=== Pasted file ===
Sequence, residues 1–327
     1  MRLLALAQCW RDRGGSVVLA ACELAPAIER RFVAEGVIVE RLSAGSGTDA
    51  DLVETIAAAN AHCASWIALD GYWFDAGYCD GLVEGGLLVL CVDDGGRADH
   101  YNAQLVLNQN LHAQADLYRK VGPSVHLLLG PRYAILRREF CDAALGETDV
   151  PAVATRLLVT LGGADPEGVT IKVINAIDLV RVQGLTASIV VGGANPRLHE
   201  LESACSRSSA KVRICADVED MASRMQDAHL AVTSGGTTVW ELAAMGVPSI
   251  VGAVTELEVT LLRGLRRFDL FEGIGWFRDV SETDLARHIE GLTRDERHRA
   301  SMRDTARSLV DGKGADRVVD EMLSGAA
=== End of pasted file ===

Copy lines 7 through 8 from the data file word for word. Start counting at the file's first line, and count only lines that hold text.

   251  VGAVTELEVT LLRGLRRFDL FEGIGWFRDV SETDLARHIE GLTRDERHRA
   301  SMRDTARSLV DGKGADRVVD EMLSGAA